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Johanna Martzy (violin)
Swiss Radio Broadcast Recordings 1947-1969
Bela BARTÓK (1881-1945)
Romanian Folk Dances, Sz 56, BB 68 [6:02]
Josef SUK (1874-1935)
4 Pieces for Violin and Piano, Op 17, [14:59]
Maurice RAVEL (1875-1937)
Pičce en forme de Habanera [2:47]
Zoltán GÁRDONYI (1906-1986)
Rondo capriccioso for Violin and Piano [3:25]
Grigoras DINICU (1889-1949), arr. Heifetz
Hora Staccato [2:12]
Doris Rossiaud (piano)
rec. 17 March 1947, Geneva, Studio 2, Radio Genčve Radio Studio Recording
Wolfgang Amadeus MOZART (1756-1791)
Violin Concerto No. 4 in D Major, KV 218; III. Rondeau: Andante grazioso (1775) [7:04]
with piano accompaniment
Final round of the 1947 Competition ‘Concours international d’exécution musicale de Genčve’
rec. 1 October 1947, Geneva Grand Théâtre, Radio Genčve Live Recording
Max BRUCH (1838-1920)
Violin Concerto No. 1 in G Minor, Op 26 [24:22]
Radio-Orchester Beromünster/Ludovit Rajter
rec. 19 October 1969 Zürich, Radiostudio SRF Radio Studio Recording
MELOCLASSIC MC2035 [60:56]

Johanna Martzy is one of a number of stellar female violinists whose careers peaked in the mid to late twentieth century. Her name can be uttered in the same breath as Ginette Neveu, Camilla Wicks, Erica Morini, Gioconda De Vito and Ida Haendel. Romanian by birth, she took up the violin at the age of six, later becoming a student at the Franz Liszt Academy, Budapest. Her teacher was Jenő Hubay (1858-1937), the Hungarian violinist and composer, whose students included Szigeti, Telmányi, Székely, Geyer and Sándor Végh. She made her début at the age of thirteen and graduated from the Academy in 1942. In 1947 she was a prize winner in the Geneva Competition. Starting her recording career with DG, she was later brought under the wing of EMI by Walter Legge. Her international career was short-lived. In 1969 she married the wealthy Daniel Tschudi and thereafter seemed to lack the financial incentive to continue in an active role. Largely forgotten, she died of cancer in 1979. This recent release of her Swiss Radio Broadcast Recordings, taped between 1947 and 1969, adds considerably to her slender discographical legacy.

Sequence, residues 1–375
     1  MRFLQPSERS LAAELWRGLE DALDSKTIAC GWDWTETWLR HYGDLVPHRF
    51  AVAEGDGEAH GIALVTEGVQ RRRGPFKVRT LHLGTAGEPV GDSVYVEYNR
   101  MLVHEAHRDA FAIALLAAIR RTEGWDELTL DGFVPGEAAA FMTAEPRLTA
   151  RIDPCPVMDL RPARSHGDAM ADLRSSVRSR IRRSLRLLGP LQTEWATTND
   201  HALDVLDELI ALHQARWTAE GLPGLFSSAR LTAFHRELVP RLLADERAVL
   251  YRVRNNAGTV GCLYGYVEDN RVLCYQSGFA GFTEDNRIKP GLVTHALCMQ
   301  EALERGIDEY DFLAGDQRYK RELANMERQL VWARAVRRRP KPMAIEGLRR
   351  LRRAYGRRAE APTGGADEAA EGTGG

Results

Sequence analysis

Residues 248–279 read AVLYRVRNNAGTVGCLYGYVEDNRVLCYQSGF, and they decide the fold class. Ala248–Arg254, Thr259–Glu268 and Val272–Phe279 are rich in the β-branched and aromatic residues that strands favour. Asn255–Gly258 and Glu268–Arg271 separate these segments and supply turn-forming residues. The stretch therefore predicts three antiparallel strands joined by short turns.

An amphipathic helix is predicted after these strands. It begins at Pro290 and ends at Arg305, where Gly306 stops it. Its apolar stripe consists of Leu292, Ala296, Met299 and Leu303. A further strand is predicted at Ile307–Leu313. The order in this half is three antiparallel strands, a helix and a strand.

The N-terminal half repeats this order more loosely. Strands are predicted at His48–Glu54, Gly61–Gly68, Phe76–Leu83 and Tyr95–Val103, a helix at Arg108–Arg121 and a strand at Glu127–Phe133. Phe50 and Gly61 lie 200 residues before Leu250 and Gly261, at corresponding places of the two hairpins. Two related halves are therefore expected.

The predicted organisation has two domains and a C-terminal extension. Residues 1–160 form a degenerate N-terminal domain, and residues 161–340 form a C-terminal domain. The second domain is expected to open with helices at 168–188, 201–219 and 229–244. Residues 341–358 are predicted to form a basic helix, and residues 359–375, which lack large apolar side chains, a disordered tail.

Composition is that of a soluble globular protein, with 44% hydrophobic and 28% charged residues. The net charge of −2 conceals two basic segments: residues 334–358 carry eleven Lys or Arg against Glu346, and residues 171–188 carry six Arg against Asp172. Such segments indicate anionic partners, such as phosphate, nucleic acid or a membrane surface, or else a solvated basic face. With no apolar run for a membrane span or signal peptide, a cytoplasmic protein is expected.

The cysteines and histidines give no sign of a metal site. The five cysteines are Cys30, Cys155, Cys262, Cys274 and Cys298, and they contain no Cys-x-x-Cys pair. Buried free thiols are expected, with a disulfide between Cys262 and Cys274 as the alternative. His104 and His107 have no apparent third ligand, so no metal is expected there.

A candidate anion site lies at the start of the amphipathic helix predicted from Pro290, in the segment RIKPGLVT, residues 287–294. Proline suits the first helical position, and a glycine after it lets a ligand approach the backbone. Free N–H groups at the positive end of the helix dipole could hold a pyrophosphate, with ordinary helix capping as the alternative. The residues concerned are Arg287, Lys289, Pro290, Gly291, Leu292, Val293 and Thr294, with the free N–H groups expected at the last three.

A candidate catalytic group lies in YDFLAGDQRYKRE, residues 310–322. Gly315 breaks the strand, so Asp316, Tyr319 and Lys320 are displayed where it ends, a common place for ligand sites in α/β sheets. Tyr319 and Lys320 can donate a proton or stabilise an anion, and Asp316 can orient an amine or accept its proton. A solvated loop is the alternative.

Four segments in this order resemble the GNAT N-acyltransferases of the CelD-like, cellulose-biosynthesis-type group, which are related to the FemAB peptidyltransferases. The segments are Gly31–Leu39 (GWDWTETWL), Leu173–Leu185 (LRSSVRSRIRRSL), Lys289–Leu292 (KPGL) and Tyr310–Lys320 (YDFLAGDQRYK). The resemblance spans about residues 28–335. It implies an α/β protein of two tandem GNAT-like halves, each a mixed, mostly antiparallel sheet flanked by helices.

The earliest document here is the Radio Geneva broadcast with pianist Doris Rossiaud. Bartók’s Romanian Folk Dances are rhythmically fluid, tastefully nuanced and dispatched with true gypsy swagger. Ginette Neveu made a wonderful recording of Suk's Four pieces for Violin and Piano, Op. 17, and Martzy's efforts are equally convincing. My own favorites are the melancholic Un poco triste and the rhythmically energetic Burleska which ends the cycle. Ravel’s Pičce en forme de Habanera was later recorded for DG in 1958 with her regular accompanist Jean Antonietti. It's a delightful work which Martzy swathes in a sultry balm. Gárdonyi’s Rondo capriccioso is a light hearted morsel, charming in every way. The Hora Staccato is well done, but her staccato bowing doesn't quite match the superior crispness and bite of Heifetz.

The precious torso consisting of the Rondeau finale of Mozart's Fourth Concerto derives from the final round of the  October 1947 Geneva competition, in which Martzy took second prize (no first prize was awarded). The piano accompanist isn't credited. She was later to make a commercial recording of the Concerto with Eugen Jochum, which I would highly recommend.

The most substantial work here, and the only one with orchestra, is the Bruch Concerto No. 1, recorded in Zurich in October 1969. Martzy's collaborators are the Radio-Orchester Beromünster, under the direction of Ludovit Rajter. I’m surprised how much vitality there is from the orchestra, especially in the finale, where the timps are punchy and forwardly projected. The performance enters a very crowded field, yet this traversal fails to topple my favorite versions by Menuhin (1931) and Heifetz. The slow movement is especially fine, where Martzy moulds the lyrical line with expressive intensity.

Martzy's cult status lives on in these glowing transfers, which are full of warmth and depth. Michael Waiblinger's accompanying biography is the most detailed portrait of the artist I have read so far, supplying information I wasn't aware of. For violin mavens, this is an essential purchase.

Stephen Greenbank
 
Previous review: Jonathan Woolf



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